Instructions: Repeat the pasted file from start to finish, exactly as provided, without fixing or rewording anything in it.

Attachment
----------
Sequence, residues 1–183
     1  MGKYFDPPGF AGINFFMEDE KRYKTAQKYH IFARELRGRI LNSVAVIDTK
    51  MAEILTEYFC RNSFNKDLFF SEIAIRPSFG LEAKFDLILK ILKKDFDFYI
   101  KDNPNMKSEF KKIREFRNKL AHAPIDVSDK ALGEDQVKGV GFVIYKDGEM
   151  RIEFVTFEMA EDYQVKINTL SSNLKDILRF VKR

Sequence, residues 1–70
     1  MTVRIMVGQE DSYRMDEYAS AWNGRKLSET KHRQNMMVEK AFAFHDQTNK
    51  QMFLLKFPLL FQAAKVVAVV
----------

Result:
Sequence, residues 1–183
     1  MGKYFDPPGF AGINFFMEDE KRYKTAQKYH IFARELRGRI LNSVAVIDTK
    51  MAEILTEYFC RNSFNKDLFF SEIAIRPSFG LEAKFDLILK ILKKDFDFYI
   101  KDNPNMKSEF KKIREFRNKL AHAPIDVSDK ALGEDQVKGV GFVIYKDGEM
   151  RIEFVTFEMA EDYQVKINTL SSNLKDILRF VKR

Sequence, residues 1–70
     1  MTVRIMVGQE DSYRMDEYAS AWNGRKLSET KHRQNMMVEK AFAFHDQTNK
    51  QMFLLKFPLL FQAAKVVAVV